St. Leonard's Church is a handsome and commodious edifice, with tower containing a peal of eight bells. It is seated for 2,200, 750 of the sittings are free. The living is a perpetual curacy, in the gift of the inhabitants; every householder, both male and female, being entitled to vote at the election of the Minister. Rev. Horatio Samuel Fletcher, B.A. Perpetual Curate; Rev. John James Slade, B.A., Curate; John Riley, Parish Clerk; Samuel Waldron, Organist; Hours of service, eleven, three, and half-past six o'clock. Prayers on Wednesday and Friday at ten o'clock. Holiday services 10am and 7pm. The national schools in connexion with this Church are in Mount Pleasant, and are attended by about 120 boys, 100 girls, and 110 infants; George Parker, master; Mary Ann Parker, mistress; Miss Lawton, mistress of infant school. The average attendance at the Sunday Schools is 540.
St. Mary's Church is situated in Oxford Street, and is a fine specimen of the later English style, having a square embattled tower surmounted with pinnacles, and boasting an illuminated clock. The interior is chastely and beautifully decorated and possesses a remarkably fine organ. The living is in the gift of the Crown and Bishop alternately. Rev. Joseph Butterworth Owen, M.A. Vicar; Rev. William Bennison, Curate; Service, eleven, three, and half-past six.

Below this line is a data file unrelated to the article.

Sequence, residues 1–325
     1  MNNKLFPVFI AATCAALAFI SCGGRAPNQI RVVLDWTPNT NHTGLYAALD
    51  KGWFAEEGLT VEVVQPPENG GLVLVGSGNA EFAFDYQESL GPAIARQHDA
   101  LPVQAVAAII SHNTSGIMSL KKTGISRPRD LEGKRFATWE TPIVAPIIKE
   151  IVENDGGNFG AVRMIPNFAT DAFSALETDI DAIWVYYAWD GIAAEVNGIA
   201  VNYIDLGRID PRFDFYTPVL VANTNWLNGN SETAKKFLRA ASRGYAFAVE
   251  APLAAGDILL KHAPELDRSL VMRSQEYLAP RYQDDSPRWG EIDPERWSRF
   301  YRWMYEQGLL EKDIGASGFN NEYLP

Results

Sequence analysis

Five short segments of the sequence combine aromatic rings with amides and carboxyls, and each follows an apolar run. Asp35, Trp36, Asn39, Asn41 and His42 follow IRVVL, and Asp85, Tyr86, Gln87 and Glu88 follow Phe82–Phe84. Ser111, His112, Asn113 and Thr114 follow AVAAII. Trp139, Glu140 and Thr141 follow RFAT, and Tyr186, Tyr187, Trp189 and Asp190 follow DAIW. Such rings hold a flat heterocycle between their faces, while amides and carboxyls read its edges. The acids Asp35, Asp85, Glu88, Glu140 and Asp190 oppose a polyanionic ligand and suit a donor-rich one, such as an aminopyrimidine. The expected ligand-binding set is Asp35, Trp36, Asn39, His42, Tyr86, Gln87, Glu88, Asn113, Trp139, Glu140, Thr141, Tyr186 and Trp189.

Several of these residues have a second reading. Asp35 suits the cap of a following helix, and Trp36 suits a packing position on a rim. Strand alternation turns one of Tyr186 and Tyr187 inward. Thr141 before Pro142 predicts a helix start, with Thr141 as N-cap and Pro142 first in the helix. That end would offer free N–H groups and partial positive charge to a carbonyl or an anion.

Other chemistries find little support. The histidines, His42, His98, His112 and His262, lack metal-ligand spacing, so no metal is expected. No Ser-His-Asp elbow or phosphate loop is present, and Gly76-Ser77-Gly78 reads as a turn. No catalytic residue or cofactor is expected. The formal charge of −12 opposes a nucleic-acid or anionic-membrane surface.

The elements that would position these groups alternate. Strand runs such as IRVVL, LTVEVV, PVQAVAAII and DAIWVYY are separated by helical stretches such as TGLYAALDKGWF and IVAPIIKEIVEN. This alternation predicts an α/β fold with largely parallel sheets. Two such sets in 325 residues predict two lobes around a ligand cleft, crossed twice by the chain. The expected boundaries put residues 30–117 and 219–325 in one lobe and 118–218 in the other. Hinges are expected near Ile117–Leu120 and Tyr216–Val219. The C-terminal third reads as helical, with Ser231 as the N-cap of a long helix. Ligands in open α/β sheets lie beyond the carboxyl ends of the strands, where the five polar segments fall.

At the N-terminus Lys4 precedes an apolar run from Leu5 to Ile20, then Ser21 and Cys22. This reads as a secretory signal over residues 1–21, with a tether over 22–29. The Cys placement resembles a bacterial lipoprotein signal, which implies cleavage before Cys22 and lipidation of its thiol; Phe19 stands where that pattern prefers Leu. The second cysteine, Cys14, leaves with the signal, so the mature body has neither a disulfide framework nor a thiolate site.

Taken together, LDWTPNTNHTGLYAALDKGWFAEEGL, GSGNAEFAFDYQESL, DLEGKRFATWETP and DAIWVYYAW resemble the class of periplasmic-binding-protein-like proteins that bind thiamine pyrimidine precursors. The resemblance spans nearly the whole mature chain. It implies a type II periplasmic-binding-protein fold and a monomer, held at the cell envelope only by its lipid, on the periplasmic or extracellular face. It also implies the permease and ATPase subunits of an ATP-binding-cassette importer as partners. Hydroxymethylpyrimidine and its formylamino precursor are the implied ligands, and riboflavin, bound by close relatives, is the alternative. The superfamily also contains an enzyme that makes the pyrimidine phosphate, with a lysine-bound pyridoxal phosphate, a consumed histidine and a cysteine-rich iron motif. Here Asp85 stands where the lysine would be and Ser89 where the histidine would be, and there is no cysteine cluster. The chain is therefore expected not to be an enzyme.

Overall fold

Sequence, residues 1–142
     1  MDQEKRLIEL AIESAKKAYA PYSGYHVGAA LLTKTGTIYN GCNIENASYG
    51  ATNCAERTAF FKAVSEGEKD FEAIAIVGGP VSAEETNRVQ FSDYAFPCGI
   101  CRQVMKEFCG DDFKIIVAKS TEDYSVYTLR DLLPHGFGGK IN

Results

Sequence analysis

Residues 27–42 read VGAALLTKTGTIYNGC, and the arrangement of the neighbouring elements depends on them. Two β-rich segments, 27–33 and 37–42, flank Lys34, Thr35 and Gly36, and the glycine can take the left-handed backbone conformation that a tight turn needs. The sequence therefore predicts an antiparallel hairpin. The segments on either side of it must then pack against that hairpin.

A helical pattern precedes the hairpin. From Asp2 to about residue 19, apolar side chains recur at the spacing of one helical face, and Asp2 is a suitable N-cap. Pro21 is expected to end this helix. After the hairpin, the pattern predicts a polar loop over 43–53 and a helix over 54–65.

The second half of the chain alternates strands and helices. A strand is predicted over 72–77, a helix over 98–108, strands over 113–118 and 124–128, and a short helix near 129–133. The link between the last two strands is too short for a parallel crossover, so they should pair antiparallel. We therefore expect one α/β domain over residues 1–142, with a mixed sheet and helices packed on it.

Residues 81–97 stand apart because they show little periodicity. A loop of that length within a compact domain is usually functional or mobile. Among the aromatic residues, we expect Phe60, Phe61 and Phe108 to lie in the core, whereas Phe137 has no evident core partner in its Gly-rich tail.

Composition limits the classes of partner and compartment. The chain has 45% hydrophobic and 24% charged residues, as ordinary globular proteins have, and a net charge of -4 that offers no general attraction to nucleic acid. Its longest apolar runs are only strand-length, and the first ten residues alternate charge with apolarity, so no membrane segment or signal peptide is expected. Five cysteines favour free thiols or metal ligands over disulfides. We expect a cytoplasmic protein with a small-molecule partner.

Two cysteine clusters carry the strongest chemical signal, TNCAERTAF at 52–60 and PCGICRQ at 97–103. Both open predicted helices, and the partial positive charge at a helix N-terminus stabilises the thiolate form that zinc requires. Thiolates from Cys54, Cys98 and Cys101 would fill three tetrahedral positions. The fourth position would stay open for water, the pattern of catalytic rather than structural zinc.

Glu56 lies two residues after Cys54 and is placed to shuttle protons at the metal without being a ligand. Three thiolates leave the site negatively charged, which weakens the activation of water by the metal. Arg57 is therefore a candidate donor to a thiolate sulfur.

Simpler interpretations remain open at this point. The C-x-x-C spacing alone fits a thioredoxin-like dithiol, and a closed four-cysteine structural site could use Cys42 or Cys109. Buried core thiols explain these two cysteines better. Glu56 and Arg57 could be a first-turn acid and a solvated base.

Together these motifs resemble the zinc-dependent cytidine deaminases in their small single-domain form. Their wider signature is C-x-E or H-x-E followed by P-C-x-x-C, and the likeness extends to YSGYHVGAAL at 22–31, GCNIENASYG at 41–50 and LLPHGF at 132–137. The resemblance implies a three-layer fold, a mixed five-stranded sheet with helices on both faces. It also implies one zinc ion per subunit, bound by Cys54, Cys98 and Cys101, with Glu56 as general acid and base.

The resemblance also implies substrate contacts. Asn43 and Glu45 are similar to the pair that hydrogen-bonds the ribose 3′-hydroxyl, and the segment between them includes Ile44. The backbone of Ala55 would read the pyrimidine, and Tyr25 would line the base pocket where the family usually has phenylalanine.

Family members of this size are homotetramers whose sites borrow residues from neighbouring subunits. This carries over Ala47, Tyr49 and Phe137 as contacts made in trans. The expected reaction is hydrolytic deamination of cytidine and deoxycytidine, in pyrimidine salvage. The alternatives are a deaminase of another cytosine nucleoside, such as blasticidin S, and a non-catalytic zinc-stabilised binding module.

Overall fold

St. Luke's Church, now in course of erection in Pinfold Street, will be an elegant Gothic structure, and is built and endowed under Sir Robert Peel's Act. The congregation is temporarily accomodated in a wooden building in Coseley Street. Rev. Richard Jewsbury Heafield, Vicar; Service, eleven, three, and half-past six.
The above form the three ecclesiastical parish churches, in addition to which, there is the Trinity Church, Ettingshall; a pleasantly situated and pretty building, surmounted by a square tower; Rev. Frederick Williams, Incumbent. Service, eleven, three, and half-past six. Attached are the national schools in connexion; John Henry Wigley, master; Ann Dale, mistress.
Moxley Church is a neat building in the Gothic style, and was erected in 1851: it contains about 290 sittings, 100 of which are free. Rev. Patrick Wilson, Incumbent.
Wesleyan Chapel, head of Oxford Street. A large and well designed building, with handsome composite porch: it has 1,500 sittings, of which 500 are free. Rev. James Clapham, Minister. The Schools belonging to this body are in Bow Street [Edward Shelley, Master, Mary Ann Shelley, Mistress], and are attended by about 90 boys and girls. The Sunday Schools also have a very large attendance. Besides the above there are Chapels in connection with this denomination at New Village, Bradley [Rev. W. Exley, Minister], Hall Green, and Lady Moor, the last a very neat edifice, with tower and clock. Service, half-past ten, half-past two, and six. Sermons on Wednesday. Prayer meetings on Monday and Friday.
Baptist Chapel, Wood Street. Seated for 700. Rev. Thomas Skemp, Minister. Service, half-past ten, half-past two, and six.
Primitive Methodist Chapels, High Street and Shropshire Row. The former a roomy and convenient structure, with turret and clock; the latter a plain building, seated for 500. Ministers various. Service, half-past ten, half-past two, and six.